Don’t ever let your mom tell you playing video games doesn’t pay off. One Wisconsin 25-year-old was recently granted legal status through President Obama’s Deferred Action for Childhood Arrivals program thanks entirely to his long history of online Xbox gaming. The Milwaukee Journal Sentinel reports:
Like so many other undocumented youth, [Jose] Muñoz came to the States with his family from Mexico when he was just 1. … He helped his family around the house, cut the grass, shoveled snow and baby-sat his little brother. And he would play sports video games – a lot. … Then last summer, President Barack Obama announced the Deferred Action for Childhood Arrivals for those in situations just like Muñoz’s – people who came here before they were 16 and were under 31 on June 15, 2012. For those qualified, deferred action allows them to remain in the country for two years and work and go to school without fear of deportation. It’s renewable after two years.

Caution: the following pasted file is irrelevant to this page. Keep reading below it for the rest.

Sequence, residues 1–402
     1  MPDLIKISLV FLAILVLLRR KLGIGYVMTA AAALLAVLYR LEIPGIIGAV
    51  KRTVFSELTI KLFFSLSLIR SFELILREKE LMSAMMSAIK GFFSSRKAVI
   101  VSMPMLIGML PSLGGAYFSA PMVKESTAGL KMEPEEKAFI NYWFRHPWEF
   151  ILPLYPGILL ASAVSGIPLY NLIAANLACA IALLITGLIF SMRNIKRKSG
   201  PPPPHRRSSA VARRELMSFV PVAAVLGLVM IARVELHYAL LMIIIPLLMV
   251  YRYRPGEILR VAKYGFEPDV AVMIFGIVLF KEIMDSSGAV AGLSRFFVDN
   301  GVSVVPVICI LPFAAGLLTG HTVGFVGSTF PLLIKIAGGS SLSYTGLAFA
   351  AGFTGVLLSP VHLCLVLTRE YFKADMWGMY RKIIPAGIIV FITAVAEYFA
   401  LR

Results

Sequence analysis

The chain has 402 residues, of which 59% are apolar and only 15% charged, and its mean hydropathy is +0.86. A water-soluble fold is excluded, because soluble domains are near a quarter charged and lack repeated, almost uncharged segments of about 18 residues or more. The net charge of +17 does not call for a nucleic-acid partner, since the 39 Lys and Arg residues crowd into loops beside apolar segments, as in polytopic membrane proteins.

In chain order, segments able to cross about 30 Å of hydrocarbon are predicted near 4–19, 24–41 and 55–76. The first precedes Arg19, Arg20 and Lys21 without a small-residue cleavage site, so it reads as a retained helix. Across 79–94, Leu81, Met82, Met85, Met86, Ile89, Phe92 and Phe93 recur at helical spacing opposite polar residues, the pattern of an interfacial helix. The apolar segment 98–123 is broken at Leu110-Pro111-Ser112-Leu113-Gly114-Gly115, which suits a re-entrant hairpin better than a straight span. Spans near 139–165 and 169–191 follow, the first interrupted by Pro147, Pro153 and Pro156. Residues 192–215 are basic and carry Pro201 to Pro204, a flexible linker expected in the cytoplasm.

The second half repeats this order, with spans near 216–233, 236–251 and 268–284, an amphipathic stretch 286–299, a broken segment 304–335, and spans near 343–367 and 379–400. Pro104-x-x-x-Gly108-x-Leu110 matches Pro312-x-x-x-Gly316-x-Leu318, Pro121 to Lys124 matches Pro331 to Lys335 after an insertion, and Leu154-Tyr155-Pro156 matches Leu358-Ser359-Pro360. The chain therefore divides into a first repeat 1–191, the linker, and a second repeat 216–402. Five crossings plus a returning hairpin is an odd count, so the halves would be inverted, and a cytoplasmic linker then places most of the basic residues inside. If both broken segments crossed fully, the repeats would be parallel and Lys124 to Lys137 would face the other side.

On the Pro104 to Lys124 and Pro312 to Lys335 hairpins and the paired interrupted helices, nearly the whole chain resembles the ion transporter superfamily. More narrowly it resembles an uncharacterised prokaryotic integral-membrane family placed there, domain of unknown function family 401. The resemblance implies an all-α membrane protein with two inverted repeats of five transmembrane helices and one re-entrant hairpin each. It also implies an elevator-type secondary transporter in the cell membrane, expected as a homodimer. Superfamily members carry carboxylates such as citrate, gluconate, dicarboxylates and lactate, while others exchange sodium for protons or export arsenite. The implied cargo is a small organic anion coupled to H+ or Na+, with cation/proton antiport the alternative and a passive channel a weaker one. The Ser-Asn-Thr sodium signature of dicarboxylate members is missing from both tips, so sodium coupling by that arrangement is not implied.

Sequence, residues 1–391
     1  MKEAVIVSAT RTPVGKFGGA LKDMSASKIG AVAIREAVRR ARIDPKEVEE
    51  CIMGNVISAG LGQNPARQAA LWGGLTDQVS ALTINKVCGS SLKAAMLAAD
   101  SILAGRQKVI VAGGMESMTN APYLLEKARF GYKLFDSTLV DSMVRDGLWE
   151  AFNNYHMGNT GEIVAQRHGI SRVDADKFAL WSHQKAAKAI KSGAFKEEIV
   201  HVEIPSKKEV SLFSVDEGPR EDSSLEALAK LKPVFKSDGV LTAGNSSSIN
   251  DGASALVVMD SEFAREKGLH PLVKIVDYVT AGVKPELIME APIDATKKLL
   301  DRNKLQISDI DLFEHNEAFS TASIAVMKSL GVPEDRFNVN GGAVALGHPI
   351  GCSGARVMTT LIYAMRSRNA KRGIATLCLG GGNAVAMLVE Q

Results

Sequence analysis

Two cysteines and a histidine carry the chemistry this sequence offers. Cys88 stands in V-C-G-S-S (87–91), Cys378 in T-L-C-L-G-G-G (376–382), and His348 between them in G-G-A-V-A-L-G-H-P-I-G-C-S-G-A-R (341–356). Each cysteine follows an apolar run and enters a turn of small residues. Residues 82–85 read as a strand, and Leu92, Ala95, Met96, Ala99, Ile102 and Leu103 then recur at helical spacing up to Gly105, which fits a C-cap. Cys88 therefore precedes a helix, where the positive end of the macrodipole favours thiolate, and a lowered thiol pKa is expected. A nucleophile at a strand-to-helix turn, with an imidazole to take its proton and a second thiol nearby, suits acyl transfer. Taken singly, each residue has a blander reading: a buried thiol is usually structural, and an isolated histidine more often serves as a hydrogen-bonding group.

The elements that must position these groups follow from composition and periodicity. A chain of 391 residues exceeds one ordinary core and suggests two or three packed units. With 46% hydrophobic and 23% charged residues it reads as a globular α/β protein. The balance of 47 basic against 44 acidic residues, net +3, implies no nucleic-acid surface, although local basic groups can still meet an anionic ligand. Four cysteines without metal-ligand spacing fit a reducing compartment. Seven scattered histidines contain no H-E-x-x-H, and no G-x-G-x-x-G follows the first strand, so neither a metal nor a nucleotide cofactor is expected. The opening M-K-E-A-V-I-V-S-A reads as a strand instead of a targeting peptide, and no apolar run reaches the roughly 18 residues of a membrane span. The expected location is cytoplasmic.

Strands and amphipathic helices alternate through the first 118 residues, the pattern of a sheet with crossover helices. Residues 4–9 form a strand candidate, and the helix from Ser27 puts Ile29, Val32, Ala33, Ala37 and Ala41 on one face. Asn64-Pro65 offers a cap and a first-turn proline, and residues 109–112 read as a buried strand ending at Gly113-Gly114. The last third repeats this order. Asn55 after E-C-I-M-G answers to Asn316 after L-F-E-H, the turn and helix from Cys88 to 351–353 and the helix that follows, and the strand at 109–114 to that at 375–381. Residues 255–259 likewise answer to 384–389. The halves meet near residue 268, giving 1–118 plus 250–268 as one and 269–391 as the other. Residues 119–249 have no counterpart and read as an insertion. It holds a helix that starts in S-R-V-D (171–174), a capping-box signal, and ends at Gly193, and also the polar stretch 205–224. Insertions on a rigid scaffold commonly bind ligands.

But to qualify a person also has to prove continuous residency in the country since June 2007. That proved problematic. Most can provide high school transcripts, work records, rent receipts, medical records or other documents that provide a paper trail to establish continuous residency, he said. Because Muñoz graduated in 2005 and hadn’t worked, he didn’t have that documentation for 2007 on. He lived at home and didn’t have medical records to back up his residency.
Then Munoz’s immigration lawyer, a gamer himself, asked Jose if he had any online accounts. He did. Munoz had been downloading games and communicating with other gamers through his Xbox Live account for years. Munoz printed out his Xbox Live records, signed a notarized affidavit stating that they were “true and correct copies of my Xbox purchase history” and sent them along with his deferred action application.
Two months later, Munoz got an answer from the Obama administration granting him legal status.